2009-10-07: Take No Prisoners!

We are under attack. Well, not really, but it is fun to think so. We
just finished a two-day conference with the villagers and five Fijian
Governmental ministries. This experience, in addition to sitting
cross-legged on a concrete floor for two days, has decreased blood
flow to my appendages, and possibly brain, causing unnecessary
reactions to seemingly normal events. I have also been reading a lot
of Michener novels lately and sometimes find myself imagining I’m a
lone settler defending a prized port on a the frontier of some new
territory in a tiny wood shack.

Well, back to the attack. It all started when my afternoon siesta was
rudely interrupted by a clanking chain sound that resembled that of a
large vessel anchoring in the calm bay. Alerted, I scurried to the
garrison, my rear window, and peered through the safety and security
2” square hurricane mesh out across the calm waters and immediately
spotted the hostile craft. It was a two-mast yacht waiving the colors
of a most formidable foe, the French.

Immediately I knew the fate of this peaceful land was at a crossroads
in history. We could send a flotilla delegation of warriors to
cautiously investigate the reason of their portage or commence a
bombardment of mature coconut and raw dalo. I knew the latter
decision would inflect heavy casualties and may cause a spontaneous
feasting to occur among the villagers, but thus decided the fate of
the island was too important to risk on peaceful negotiations.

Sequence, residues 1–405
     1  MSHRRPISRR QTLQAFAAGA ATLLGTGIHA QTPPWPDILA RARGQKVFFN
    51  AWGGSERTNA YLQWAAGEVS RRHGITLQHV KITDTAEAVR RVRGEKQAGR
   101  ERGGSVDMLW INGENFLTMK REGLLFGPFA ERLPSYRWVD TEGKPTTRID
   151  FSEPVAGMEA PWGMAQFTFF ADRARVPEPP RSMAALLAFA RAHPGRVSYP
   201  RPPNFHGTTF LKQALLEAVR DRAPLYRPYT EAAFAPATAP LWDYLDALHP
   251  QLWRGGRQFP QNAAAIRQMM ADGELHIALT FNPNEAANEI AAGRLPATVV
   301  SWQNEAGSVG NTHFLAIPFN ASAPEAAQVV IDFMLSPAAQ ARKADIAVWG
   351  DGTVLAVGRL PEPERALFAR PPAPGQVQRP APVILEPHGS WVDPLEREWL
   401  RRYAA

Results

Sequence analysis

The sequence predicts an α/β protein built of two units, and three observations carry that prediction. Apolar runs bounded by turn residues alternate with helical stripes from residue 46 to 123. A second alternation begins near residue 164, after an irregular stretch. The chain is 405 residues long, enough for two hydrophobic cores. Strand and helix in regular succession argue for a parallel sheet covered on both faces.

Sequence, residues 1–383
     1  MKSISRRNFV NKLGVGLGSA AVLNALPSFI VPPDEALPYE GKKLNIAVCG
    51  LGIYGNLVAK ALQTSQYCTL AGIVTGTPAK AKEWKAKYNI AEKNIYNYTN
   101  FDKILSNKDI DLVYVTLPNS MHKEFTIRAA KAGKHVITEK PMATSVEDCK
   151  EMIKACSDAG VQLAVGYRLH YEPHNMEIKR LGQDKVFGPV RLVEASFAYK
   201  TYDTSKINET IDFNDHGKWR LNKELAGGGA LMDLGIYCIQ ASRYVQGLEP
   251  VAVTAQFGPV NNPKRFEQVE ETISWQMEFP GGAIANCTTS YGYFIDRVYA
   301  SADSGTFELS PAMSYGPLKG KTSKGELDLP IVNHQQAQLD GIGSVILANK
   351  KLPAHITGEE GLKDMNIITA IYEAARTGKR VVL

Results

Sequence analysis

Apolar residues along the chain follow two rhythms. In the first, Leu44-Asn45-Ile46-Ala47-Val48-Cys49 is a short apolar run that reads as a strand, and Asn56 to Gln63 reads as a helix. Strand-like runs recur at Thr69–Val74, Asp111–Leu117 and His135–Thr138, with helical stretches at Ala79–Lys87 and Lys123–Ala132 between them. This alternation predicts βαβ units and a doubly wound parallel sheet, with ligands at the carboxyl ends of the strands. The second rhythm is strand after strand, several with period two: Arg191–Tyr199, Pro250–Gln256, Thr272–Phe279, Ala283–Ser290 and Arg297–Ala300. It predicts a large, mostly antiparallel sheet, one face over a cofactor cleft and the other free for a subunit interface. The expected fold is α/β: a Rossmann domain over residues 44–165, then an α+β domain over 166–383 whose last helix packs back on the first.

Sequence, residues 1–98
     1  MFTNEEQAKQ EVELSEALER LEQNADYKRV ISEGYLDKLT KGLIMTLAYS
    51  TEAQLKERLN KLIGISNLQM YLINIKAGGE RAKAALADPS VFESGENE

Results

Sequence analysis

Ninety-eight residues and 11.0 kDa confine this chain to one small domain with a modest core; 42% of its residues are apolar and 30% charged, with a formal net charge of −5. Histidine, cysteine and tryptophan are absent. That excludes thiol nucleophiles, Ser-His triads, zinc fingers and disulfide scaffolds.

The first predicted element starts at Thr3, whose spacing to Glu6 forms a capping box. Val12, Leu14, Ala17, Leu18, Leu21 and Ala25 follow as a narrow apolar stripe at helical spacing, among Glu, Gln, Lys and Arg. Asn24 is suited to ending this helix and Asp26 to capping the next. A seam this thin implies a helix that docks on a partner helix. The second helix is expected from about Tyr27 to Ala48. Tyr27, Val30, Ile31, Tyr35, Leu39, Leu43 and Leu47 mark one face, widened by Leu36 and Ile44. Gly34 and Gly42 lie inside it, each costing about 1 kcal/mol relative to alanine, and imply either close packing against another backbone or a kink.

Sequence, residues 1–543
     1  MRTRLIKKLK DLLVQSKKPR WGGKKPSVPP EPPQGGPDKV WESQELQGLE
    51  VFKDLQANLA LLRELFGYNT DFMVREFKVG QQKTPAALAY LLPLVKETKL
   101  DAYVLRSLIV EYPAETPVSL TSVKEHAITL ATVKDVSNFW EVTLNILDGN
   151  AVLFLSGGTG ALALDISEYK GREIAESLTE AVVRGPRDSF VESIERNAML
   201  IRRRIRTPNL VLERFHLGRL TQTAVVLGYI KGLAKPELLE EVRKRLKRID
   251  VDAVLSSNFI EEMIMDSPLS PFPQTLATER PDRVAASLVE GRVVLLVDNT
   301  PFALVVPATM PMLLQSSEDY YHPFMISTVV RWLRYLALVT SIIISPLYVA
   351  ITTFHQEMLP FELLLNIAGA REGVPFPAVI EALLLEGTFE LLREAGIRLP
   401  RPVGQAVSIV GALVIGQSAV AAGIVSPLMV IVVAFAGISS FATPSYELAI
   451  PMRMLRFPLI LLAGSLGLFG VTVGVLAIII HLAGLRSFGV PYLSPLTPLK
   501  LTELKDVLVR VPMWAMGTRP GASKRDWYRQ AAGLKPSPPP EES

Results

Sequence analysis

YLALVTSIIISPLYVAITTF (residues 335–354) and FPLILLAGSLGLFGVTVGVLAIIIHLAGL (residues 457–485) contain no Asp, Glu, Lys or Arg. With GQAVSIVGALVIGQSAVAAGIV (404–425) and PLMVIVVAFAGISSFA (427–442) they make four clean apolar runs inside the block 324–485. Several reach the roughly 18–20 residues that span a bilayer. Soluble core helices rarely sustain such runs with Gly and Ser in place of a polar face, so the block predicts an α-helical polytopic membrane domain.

The pre-battle air was heavy with anxiety, and 120% humidity, and
delayed my recollection of reinforcements scheduled to arrive later in
the evening. Thankfully this realization came before the dalo mortars
where launched and I halted the invasion. The tourist vessel, the Tui
Tai, was scheduled to arrive at 7pm and was a formidable sea going
clipper battle ship known to spare no victims in its legendary South
Pacific sea battles against the Suliven Ferry.

I instructed the islanders to man their coconut cannons and await my
orders to fire once our reinforcements had arrived. Later that
evening the scheduled arrival of the allied ship was delayed due to
its crew taking a snorkeling excursion off the South coast of the
island. I knew this was probably in preparation for a subterranean
attach on the French ship so counted the delay as good fortune.

Alas, the mighty ship sailed into the bay prepared to engage the enemy
with full vigor. Upon its arrival in firing range of the enemy ship I
ordered the troops to commence the bombardment. However, to my
surprise all the firing posts where unmanned. Uncertain as to the
cause of this unfortunate development I frantically searched the
island. To my surprise I found the villagers in the community hall
performing a fatele, traditional dance, and selling the ruthless
invaders handicrafts.

My opportunity for glory faded quicker than the setting South Pacific
sun as I meandered my way back to my humble shack in defeat.

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